1088. Prediction Model to Identify Patients at Risk of 30-day Treatment Failure in Patients with Staphylococcus aureus Bacteremia
Session: Poster Abstract Session: Clinical Infectious Diseases: Bacteremia and Endocarditis
Friday, October 28, 2016
Room: Poster Hall

Background: Clinical or microbiological treatment failure and mortality from Staphylococcus aureus bacteremia (SAB) remains significant.  A predictive model was developed to identify patients at increased risk of treatment failure in order to improve management strategies. Methods: Adults with monomicrobial SAB from two prospective observational cohorts were included.  Treatment failure was a composite of all-cause mortality, persistent bacteremia (³ 7 days) and recurrent bacteremia within 30 days.  Candidate variables were selected a priori based on clinical significance and prior literature, and a parsimonious model was derived using the Akaike Information Criteria with a complete case analysis.  A sum score was derived for clinical use. Results: Complete data were available for 388 patients, and 20.6% experienced 30-day treatment failure.  The parsimonious multivariable model identified severe sepsis, methicillin-resistant S. aureus (MRSA), patient age, and serum albumin as predictors of treatment failure.  Model calibration (Hosmer-Lemeshow test, p=0.376) and discrimination (c-statistic 0.752) indicated good performance.  A prediction sum score was developed from this model (Table 1); Figure 1 shows the predicted probability of treatment failure and Figure 2 shows the sum score according to observed outcomes.  The sum score performed well (c-statistic 0.750 compared with the multivariable model). Conclusion: The combination of severe sepsis, MRSA, older patient age and lower serum albumin were predictors of 30-day treatment failure.  Although some of these factors are non-modifiable, these are useful indicators for the clinician to ensure the patient receives early appropriate antibiotics and aggressive supportive care to improve clinical outcomes.

Table 1.  Sum score from parsimonious model to predict risk of 30-day treatment failure.


Model coefficient

Rounded coefficient

Score assigned*

Severe sepsis








Age (per 10 year increment from age 18 years)




Albumin (per 5 g/L increment from 10g/L)




* Possible range of score: -7 to +13

Figure 1.  Predicted probability of 30-day treatment failure using sum score derived from parsimonious predictive model.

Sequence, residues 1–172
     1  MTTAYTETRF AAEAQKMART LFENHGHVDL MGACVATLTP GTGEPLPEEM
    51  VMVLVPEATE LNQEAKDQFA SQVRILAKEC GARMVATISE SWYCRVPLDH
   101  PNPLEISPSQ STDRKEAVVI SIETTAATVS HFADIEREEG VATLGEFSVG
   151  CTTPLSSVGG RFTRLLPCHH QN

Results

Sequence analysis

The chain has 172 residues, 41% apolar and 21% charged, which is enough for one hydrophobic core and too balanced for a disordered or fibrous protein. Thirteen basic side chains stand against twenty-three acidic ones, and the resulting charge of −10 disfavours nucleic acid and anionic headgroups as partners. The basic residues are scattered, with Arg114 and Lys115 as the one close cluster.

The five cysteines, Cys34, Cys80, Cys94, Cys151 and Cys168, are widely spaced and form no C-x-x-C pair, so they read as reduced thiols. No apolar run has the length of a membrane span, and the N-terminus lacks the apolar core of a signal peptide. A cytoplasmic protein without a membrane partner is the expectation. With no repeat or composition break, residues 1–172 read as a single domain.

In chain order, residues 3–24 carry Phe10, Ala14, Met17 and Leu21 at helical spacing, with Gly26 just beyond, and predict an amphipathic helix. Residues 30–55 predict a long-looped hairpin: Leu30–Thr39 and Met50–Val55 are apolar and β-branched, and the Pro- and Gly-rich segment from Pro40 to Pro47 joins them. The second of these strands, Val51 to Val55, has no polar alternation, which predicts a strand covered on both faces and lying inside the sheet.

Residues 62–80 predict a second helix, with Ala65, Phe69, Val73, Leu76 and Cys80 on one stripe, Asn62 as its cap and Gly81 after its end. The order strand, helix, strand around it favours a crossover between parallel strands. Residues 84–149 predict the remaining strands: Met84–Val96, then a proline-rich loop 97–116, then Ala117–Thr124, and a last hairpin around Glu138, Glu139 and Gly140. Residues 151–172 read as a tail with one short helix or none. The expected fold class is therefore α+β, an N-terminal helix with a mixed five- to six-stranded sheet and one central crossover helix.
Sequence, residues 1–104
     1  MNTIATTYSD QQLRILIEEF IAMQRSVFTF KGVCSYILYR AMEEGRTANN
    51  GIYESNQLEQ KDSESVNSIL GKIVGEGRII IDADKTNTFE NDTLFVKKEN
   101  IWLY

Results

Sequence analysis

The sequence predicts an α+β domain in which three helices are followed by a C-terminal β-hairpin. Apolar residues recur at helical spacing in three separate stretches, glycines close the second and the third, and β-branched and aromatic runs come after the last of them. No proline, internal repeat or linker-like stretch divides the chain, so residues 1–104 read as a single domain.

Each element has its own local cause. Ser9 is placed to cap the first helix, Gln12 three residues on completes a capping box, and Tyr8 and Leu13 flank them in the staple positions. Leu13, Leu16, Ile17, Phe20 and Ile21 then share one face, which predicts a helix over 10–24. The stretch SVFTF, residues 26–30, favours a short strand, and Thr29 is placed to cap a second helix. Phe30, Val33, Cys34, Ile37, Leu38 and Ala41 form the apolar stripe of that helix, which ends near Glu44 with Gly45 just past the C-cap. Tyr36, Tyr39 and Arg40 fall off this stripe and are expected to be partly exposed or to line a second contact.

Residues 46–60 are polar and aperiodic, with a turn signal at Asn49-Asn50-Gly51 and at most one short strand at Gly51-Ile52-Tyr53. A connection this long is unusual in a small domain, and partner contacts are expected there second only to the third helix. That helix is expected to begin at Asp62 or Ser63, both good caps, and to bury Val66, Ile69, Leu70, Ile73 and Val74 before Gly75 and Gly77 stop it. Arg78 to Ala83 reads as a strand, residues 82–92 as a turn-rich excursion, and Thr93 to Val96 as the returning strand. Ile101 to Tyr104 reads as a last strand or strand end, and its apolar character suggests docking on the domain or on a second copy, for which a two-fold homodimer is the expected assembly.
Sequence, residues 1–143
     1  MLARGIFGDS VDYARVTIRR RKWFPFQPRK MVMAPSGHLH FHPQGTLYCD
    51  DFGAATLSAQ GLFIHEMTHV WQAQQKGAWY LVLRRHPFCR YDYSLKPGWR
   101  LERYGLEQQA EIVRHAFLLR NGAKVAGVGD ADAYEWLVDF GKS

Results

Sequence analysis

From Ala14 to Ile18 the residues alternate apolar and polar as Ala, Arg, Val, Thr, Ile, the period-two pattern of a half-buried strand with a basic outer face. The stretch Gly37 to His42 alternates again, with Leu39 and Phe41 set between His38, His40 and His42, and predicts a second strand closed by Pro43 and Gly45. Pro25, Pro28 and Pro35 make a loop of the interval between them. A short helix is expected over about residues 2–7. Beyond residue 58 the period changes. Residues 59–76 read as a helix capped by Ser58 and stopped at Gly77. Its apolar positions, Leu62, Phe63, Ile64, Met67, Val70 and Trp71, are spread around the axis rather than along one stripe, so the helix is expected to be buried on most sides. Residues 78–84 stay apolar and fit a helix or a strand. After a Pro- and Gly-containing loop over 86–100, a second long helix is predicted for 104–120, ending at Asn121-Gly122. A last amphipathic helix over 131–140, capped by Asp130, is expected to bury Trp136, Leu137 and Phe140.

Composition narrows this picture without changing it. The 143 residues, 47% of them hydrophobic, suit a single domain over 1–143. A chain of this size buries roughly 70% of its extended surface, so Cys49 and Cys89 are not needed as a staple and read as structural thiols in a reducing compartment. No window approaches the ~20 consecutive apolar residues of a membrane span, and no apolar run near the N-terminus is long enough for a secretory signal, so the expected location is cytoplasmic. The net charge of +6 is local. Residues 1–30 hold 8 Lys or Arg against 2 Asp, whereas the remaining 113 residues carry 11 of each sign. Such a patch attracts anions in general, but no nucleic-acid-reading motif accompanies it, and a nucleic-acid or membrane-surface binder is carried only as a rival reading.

Figure 2.  Performance of predictive model sum score versus observed 30-day treatment outcome.

Natasha Holmes, MBBS FRACP PhD, Department of Infectious Diseases, Austin Health, Heidelberg VIC, Australia, J Owen Robinson, MD FRACP, Department of Microbiology and Infectious Diseases, Royal Perth Hospital & Fiona Stanley Hospital, Perth WA, Australia, Sebastian Van Hal, MBBS FRACP FRCPA PhD, Infectious Diseases and Microbiology, Royal Prince Alfred Hospital, Sydney, Australia, Wendy Munckhof, MBBS FRACP FRCPA PhD, Infection Management Services, Princess Alexandra Hospital, Woolloongabba QLD, Australia, Eugene Athan, MBBS, FRACP, MPH, Infectious Diseases, Barwon Health, Deakin University, Geelong, Australia, Tony Korman, MBBS FRACP FRCPA, Department of Infectious Diseases, Monash Infectious Diseases, Clayton VIC, Australia, Allen C. Cheng, MBBS, FRACP, MPH, PhD, Infection Prevention and Hospital Epidemiology Unit, The Alfred Hospital, Melbourne, Australia, Matthew O'sullivan, MBBS MMed FRACP FRCPA PhD, Centre for Infectious Diseases and Microbiology, Westmead Hospital, Westmead NSW, Australia, Tara Anderson, MBBS FRACP, Department of Infectious Diseases,, Royal Hobart Hospital, Hobart TAS, Australia, Sally a. Roberts, MBChB, FRACP, FRCPA, Labplus, Department of Microbiology, Auckland District Health Board, Auckland, New Zealand, Sanchia Warren, MBBS FRACP, Department of Infectious Diseases, Royal Hobart Hospital, Hobart TAS, Australia, John Turnidge, MBBS FRACP FRCPA, Australian Commission on Safety and Quality in Health Care, Sydney NSW, Australia, Paul Johnson, MBBS FRACP PhD, Infectious Diseases, Austin Health/University of Melbourne, Melbourne, Australia, Benjamin Howden, MBBS FRACP FRCPA PhD, Microbiological Diagnostic Unit, Parkville VIC, Australia and VANESSA study group


N. Holmes, National Health and Medical Research Council: Grant Investigator , Grant recipient

J. O. Robinson, None

S. Van Hal, None

W. Munckhof, None

E. Athan, None

T. Korman, None

A. C. Cheng, None

M. O'sullivan, None

T. Anderson, None

S. A. Roberts, None

S. Warren, None

J. Turnidge, None

P. Johnson, None

B. Howden, National Health and Medical Research Council: Grant Investigator , Grant recipient

Findings in the abstracts are embargoed until 12:01 a.m. CDT, Wednesday Oct. 26th with the exception of research findings presented at the IDWeek press conferences.